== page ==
Saturday, June 2, 2012

Transporter 2 (2005)

Director: Louis Leterrier
Notable Cast: Jason Statham, Jason Flemying, cameo by Keith David

After Jason Statham kicked some heads in with the surprisingly effective "The Transporter", it wasn't hard to see that there was something here. Something to the character and the actor that played him. Thusly, it wasn't long to franchise it out with a sequel under the basic moniker "Transporter 2". What worked in the first one (charm and action mostly) is out done with this second entry as the glory team that is producer/writer Luc Besson, director Leterrier, actor Jason Statham, and fight choreographer Corey Yuen bring bigger set pieces and even more outrageous stunts into the film. This is at the sacrifice of adding a whole lot of character development and logic in the plot, but then's Frank Martin kicking more ass.

Frank Martin (Statham) has had to change a few things. He now lives in Miami and as a favor to a friend he has been the driver for a very rich family for about a week. His relationship with the son has bloomed quickly and Frank finds himself becoming somewhat attached. When a terrorist group decide to target the family by kidnapping the son, Frank takes it personally and takes charge of the situation to get him back. What he discovers might be much bigger than just a kidnapping...

"Hello Jason. What's your favorite scary movie?"
I could rant and rave about the abysmal logic of this film and how its plot of virus warfare and kidnapping for terrorist financing makes no sense, but at the end of the road and when all is said and done: this movie is fucking entertaining as hell. As a film critic, its easy to point out its poor aspects like the lacking character development even for our hero or any of the secondary cast. The poor CGI used in many of the action sequences. The logic that's seemingly forgotten to give us what's needed for plot progression like flipping a car to lose a car bomb attached to the under carriage. This is all true and very much prevents this from becoming a great movie. Luckily, it's quite easy to overlook its many, many faults.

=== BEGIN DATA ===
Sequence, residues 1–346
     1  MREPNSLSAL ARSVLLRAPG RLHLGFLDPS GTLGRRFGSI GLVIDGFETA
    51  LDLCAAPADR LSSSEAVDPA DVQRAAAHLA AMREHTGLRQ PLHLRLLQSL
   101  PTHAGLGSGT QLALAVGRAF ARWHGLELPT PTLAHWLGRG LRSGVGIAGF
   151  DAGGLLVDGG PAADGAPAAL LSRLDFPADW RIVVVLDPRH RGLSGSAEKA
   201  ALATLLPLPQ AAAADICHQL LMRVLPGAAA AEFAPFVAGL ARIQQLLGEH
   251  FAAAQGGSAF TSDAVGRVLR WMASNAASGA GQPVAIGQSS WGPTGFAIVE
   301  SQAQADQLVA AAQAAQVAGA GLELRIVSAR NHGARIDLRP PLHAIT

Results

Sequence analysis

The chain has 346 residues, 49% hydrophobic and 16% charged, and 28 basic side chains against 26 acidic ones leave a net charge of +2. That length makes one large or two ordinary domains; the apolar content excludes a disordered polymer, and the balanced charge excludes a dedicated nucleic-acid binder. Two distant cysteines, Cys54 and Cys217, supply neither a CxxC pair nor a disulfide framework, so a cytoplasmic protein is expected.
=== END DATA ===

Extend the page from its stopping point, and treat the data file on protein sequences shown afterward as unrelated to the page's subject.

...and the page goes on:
New entry on my bucket list: back flip someone with a fire hose.
Just like with the first film, "Transporter 2" is carried by it's charismatic and ass kicking hero and the amazing action set pieces it utilizes. This role was born for Statham and he was born to be Frank Martin. It's hard not to cheer him on as he goes to the ends of the earth to push forward and save the day despite being somewhat of an anti-hero. He basically runs around and beats the shit out of everyone until something goes right. Might not work in the real world that way, but its entertaining to watch Statham do it and do it with very little to say about it outside of his rules.

Statham's work and the ridiculousness of its plot are only heightened by Corey Yuen's ability to craft some of the most ridiculously cool action set pieces known to man. Outside of a few high octane car chases, its the choreographed fight sequences that steal this movie. A boxing match inside of a boat on risers, a fire hose stunt extravaganza, and a finale on board of a falling plane make this film eclipse the first one in every way imaginable. Although most of it seems beyond ridiculous (the henchwoman is always in her underwear, Frank Martin can jump over two crashing cars below him, and the previously mentioned car flip bomb removal come to mind), it's hard to deny that "Transporter 2" doesn't pack it all in here to keep the adrenaline up and the action flowing.

Ridiculous doesn't even begin to explain some elements of "Transporter 2".
"Transporter 2" is far from a great film. It's silly, plot hole riddled, and has little to no depth. It's also one of the most exciting and best choreographed modern action films to come out of the Western side of the planet...which in my book makes up for a lot. Statham kicks it once again with charm and ferocity and any one who's willing to set aside their logic for an hour and a half is simply going to have a riot with this movie.

Written By Matt Reifschneider

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